Miami's famed beaches are ready for you to plan that perfect summer staycation. Miami-Dade County officials wanted to wait until after Memorial Day to prevent a surge of visitors on the beaches. On Wednesday, it was announced that Miami beaches open to the public starting next week.
Mayor Carlos Gimenez signed the order establishing beaches to reopen Monday, June 1. The beaches were shut down in March to flatten the curve of the COVID-19 pandemic and have remained closed even as other counties reopened.
Starting earlier this month, things in Miami have begun to ease into a "new normal," but the beaches were still off-limits to both residents and visitors. Now that the date to reopen is finally close at hand, here's what you need to know before hitting the sandy shores.
Beachgoers will be able to walk, jog, swim, and surf, though no group athletics will be allowed. Other activities like sunbathing is also permitted, but it will come with temporary restrictions.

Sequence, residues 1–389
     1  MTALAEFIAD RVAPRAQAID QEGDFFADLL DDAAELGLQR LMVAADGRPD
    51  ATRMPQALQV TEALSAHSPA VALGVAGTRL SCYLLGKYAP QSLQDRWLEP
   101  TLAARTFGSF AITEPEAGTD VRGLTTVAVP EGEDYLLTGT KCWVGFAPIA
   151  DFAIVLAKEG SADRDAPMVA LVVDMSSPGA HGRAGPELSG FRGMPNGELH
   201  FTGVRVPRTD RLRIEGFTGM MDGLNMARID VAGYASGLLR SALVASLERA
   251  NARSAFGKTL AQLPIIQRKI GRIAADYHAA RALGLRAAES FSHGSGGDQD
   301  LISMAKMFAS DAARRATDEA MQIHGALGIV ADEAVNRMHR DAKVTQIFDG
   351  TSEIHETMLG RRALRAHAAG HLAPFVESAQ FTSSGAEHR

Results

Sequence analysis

Face coverings will be mandatory, especially in restrooms and concession stands. Visitors won't have to wear their masks in the water or during exercising, as long as social distancing is maintained. Also, you won't be able to bring a large crew to the beach, as all beaches will prohibit groups consisting of 10-or-more people.
Leave your furry pooch, as dogs are restricted from the beach at this time.
Beaches and pools are slated to open June 1st with an expansion of hotel operations in #OurCounty. Join my virtual… https://t.co/jtP5JVthwa— Mayor Carlos A. Gimenez (@Mayor Carlos A. Gimenez)1590704777.0
Hotels will reopen as well, but there's a 50% capacity on the hotel's elevators with no more than four people inside. Social distancing will be required during check-in, and face masks will also be mandatory in common interior areas.
There will be a restriction on valet parking unless there are no spots available near the hotel, and self-service food options are also restricted.
Things will certainly be different once you hit the shores, but that doesn't mean that you can't enjoy a perfect staycay. As long as simple adjustments are made, the beaches are ready to be enjoyed once again in South Florida.